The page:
It will be appreciated that the time and/or the power output of the heater may be controlled in response to the measured parameters and/or their rate of change.
The moisture sensor is preferably one that itself is heated, so as to avoid false output signals therefrom. Advantageously, the amount of heat applied thereto is arranged to be substantially equal to heat loss therefrom to its surroundings. Thus, in accordance with another aspect of the present invention, a moisture sensor is heated by means of an electrical resistance heater, for example a self regulating or constant wattage heater cable, in such a way as to compensate for the heat loss of the sensor to the surrounding substrate and air. The ambient temperature is sensed by a separate temperature sensor. A proportional ambient sensing control algorithm is then used, such that the heater of the moisture sensor is switched on full (100% heating) at the minimum design temperature for the associated heating apparatus, for example −20° C., and may be linearly reduced to zero percent (i.e. switched off) at a further predetermined temperature, for example +3° C. The switching of the heating element may be controlled by a triac, a solid state relay, or an electromechanical relay, for example.
Weather conditions such as cold nights interspersed with warm days may give rise to unnecessary operation of the heater, that is to say, under conditions when in fact rain or snow leading to the formation of ice is not expected. Control of the heater may thus include an algorithm, whereby the requirement must also be met that the substrate has been sensed to be at less than a predetermined temperature, of say −8° C., for a minimum time, of say 24 hours, before the heater is activated.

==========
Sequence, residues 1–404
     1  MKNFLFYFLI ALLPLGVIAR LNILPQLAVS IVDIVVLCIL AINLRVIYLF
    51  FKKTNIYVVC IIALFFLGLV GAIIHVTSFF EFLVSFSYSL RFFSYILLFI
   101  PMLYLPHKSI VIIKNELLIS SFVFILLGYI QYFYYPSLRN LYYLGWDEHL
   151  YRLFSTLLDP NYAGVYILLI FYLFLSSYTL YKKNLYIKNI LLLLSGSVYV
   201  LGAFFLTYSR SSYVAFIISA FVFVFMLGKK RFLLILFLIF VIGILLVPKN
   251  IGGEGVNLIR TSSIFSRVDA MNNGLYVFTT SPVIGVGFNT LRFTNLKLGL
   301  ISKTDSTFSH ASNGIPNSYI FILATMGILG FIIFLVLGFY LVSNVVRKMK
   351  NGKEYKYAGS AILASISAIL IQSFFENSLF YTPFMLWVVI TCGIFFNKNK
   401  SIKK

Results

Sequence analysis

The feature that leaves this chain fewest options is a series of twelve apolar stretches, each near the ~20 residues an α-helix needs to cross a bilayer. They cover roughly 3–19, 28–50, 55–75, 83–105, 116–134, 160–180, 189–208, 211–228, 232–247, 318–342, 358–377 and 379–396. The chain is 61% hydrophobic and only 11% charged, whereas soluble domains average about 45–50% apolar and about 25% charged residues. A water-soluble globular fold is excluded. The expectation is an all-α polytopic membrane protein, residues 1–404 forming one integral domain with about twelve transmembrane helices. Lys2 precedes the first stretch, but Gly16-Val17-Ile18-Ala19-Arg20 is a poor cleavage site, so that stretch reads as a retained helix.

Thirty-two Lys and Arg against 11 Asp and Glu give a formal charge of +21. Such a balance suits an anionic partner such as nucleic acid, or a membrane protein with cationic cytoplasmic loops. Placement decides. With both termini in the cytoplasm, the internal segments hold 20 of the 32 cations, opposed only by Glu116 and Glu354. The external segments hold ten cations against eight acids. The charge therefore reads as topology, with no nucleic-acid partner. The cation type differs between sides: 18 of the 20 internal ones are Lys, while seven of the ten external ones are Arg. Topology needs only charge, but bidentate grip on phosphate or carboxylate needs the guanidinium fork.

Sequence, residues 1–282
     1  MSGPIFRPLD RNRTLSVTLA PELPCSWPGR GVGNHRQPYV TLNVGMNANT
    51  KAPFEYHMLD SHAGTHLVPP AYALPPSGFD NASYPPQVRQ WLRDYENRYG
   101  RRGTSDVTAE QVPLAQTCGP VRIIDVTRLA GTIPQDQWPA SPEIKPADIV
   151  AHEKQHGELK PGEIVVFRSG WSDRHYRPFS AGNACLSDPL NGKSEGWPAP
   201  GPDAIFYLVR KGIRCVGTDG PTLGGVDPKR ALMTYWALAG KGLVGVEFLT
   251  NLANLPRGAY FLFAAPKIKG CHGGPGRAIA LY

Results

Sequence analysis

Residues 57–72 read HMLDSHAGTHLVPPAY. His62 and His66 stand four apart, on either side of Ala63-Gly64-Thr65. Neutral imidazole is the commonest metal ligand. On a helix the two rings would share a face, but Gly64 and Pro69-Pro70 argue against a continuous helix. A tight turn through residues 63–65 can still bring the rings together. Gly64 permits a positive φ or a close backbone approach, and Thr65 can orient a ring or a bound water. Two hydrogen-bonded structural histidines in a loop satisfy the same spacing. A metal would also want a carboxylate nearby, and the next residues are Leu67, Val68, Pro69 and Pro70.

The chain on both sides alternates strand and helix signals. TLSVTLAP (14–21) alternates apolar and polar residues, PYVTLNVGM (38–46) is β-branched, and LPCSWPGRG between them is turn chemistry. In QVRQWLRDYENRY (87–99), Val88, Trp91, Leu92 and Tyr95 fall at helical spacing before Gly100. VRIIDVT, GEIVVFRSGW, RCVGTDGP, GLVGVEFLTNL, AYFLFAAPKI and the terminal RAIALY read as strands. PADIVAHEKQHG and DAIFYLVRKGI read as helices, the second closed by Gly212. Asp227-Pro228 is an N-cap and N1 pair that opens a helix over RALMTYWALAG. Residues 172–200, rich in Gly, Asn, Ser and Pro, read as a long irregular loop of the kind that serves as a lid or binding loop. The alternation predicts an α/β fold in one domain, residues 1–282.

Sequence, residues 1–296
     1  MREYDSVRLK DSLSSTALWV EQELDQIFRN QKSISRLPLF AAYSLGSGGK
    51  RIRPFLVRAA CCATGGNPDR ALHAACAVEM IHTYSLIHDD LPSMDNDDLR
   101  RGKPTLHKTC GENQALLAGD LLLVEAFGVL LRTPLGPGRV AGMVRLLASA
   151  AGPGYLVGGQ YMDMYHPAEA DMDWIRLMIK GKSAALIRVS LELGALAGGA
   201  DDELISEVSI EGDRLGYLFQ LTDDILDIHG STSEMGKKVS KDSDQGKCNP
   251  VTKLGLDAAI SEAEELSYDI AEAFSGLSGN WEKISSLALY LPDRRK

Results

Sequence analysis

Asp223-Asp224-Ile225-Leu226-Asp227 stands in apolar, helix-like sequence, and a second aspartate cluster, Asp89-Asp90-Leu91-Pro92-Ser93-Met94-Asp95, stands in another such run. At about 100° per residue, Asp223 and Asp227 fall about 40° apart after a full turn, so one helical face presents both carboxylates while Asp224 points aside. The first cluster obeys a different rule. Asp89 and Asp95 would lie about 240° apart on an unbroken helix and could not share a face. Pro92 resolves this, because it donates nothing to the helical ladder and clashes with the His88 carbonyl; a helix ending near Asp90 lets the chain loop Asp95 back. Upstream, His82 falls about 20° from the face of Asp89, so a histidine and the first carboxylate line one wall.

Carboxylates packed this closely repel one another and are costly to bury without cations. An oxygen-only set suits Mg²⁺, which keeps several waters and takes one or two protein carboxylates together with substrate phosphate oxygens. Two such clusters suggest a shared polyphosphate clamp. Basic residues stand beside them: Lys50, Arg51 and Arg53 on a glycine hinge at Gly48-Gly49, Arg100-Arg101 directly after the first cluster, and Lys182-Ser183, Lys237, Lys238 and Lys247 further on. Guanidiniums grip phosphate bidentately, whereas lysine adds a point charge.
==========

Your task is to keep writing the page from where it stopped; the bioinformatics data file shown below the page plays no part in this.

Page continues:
Additionally or alternatively, control of the heater of the apparatus may be responsive to information received remotely, for example from a weather forecasting service.
Preferably, heating of the substrate is effected by a self regulating, preferably polymeric, electrical heater, which may advantageously be embedded in the substrate or other component to be heated. Electrical heating may alternatively be provided by a constant wattage heater. It is also envisaged, however, that the substrate may be heated by means of hot water, flowing through pipework.
The foregoing summary, as well as the following detailed description of the invention, will be better understood when read in conjunction with the appended drawings. For the purpose of illustrating the invention, there is shown in the drawings an embodiment which is presently preferred. It should be understood, however, that the invention is not limited to the precise arrangements and instrumentalities shown. In the drawings: